I also am not crazy about the "Cross after the bus leaves the stop" message. If the bus stop is in the middle of a block, we (generally) shouldn't be crossing there anyway. If it's right before a crosswalk, as many (including the one in the picture) are, then we either have the right of way (if we have a walk signal or if it's unsignaled) or we don't (if it's signaled and we don't have the light). I also don't understand how crossing before the bus left the stop led to the car being damaged. Both the bus and the ped look fine. The written message just encourages bus drivers to violate pedestrian rights, but I think the overall ad would just lead someone to go "Huh?"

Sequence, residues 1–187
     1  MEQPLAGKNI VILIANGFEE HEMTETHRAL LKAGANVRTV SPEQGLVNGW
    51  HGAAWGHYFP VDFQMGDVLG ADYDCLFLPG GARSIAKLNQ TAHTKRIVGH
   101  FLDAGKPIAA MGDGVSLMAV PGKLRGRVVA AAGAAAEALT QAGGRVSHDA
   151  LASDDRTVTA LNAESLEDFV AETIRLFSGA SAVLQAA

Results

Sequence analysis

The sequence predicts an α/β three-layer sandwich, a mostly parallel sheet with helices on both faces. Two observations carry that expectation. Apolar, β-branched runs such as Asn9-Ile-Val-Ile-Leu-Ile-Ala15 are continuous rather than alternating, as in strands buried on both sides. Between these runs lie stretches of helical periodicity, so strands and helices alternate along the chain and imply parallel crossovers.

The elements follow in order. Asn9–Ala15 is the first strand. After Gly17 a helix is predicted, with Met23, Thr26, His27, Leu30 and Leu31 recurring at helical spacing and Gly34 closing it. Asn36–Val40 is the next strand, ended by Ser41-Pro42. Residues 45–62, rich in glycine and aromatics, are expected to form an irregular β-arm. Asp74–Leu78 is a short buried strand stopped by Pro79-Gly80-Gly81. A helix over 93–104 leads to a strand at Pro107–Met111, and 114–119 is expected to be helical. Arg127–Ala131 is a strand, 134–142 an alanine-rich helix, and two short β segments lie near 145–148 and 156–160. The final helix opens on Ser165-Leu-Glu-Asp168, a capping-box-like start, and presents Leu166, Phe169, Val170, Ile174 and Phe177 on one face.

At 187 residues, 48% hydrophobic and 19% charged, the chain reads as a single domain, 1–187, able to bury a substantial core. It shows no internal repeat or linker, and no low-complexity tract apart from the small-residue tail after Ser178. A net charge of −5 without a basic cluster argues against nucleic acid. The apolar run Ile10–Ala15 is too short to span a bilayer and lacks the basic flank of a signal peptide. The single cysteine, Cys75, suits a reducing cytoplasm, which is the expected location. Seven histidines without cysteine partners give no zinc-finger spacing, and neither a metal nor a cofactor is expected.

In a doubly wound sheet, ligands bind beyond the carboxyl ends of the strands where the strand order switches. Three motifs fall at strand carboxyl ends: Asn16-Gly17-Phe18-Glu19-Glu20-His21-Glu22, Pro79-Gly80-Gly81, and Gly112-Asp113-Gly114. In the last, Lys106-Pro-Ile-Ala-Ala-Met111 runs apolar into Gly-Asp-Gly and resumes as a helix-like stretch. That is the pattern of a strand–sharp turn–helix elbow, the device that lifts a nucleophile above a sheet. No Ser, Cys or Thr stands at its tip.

I'm reading Peter Norton's "Fighting Traffic" book and one of the historical tidbits he includes is that in the 1920's, many cities had "traffic safety weeks" and some cities had marches -- in DC, there was a march that included graphic reminders of the consequences of traffic violence -- coffins, skeletons, etc. -- "parading" down Pennsylvania Avenue. Maybe we need to return to the past.

by Eileen on Mar 25, 2011 4:17 pm • linkreport

@thump, "The problem isn't pedestrians...it's careless drivers."

No, the problem is careless people whether they be drivers, pedestrians or bicyclists.

by Some Ideas on Mar 25, 2011 4:27 pm • linkreport